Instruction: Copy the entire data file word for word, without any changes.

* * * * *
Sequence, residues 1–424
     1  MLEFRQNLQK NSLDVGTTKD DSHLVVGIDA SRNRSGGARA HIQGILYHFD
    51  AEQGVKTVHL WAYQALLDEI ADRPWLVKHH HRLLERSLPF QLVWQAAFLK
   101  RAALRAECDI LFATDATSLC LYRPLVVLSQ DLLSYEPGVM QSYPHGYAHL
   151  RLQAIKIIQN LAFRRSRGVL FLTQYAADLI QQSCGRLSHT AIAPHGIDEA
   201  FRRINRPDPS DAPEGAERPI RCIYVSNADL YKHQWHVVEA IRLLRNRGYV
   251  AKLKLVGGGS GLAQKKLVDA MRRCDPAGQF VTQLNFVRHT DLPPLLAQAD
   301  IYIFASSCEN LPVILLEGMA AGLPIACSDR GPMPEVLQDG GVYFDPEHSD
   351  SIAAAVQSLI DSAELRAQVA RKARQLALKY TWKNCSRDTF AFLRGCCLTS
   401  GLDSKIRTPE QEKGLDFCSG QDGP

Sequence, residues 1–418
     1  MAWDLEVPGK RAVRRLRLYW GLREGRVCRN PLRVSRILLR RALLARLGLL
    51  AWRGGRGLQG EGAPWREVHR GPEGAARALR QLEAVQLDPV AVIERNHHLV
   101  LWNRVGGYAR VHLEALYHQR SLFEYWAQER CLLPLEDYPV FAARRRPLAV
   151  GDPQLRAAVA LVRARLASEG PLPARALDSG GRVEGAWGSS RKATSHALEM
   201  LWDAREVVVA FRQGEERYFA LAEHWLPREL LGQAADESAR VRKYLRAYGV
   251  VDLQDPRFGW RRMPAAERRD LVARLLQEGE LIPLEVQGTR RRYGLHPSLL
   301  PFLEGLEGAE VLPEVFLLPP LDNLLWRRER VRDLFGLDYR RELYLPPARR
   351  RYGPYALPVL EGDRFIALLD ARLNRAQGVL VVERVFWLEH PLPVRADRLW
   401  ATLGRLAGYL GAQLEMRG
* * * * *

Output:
Sequence, residues 1–424
     1  MLEFRQNLQK NSLDVGTTKD DSHLVVGIDA SRNRSGGARA HIQGILYHFD
    51  AEQGVKTVHL WAYQALLDEI ADRPWLVKHH HRLLERSLPF QLVWQAAFLK
   101  RAALRAECDI LFATDATSLC LYRPLVVLSQ DLLSYEPGVM QSYPHGYAHL
   151  RLQAIKIIQN LAFRRSRGVL FLTQYAADLI QQSCGRLSHT AIAPHGIDEA
   201  FRRINRPDPS DAPEGAERPI RCIYVSNADL YKHQWHVVEA IRLLRNRGYV
   251  AKLKLVGGGS GLAQKKLVDA MRRCDPAGQF VTQLNFVRHT DLPPLLAQAD
   301  IYIFASSCEN LPVILLEGMA AGLPIACSDR GPMPEVLQDG GVYFDPEHSD
   351  SIAAAVQSLI DSAELRAQVA RKARQLALKY TWKNCSRDTF AFLRGCCLTS
   401  GLDSKIRTPE QEKGLDFCSG QDGP

Sequence, residues 1–418
     1  MAWDLEVPGK RAVRRLRLYW GLREGRVCRN PLRVSRILLR RALLARLGLL
    51  AWRGGRGLQG EGAPWREVHR GPEGAARALR QLEAVQLDPV AVIERNHHLV
   101  LWNRVGGYAR VHLEALYHQR SLFEYWAQER CLLPLEDYPV FAARRRPLAV
   151  GDPQLRAAVA LVRARLASEG PLPARALDSG GRVEGAWGSS RKATSHALEM
   201  LWDAREVVVA FRQGEERYFA LAEHWLPREL LGQAADESAR VRKYLRAYGV
   251  VDLQDPRFGW RRMPAAERRD LVARLLQEGE LIPLEVQGTR RRYGLHPSLL
   301  PFLEGLEGAE VLPEVFLLPP LDNLLWRRER VRDLFGLDYR RELYLPPARR
   351  RYGPYALPVL EGDRFIALLD ARLNRAQGVL VVERVFWLEH PLPVRADRLW
   401  ATLGRLAGYL GAQLEMRG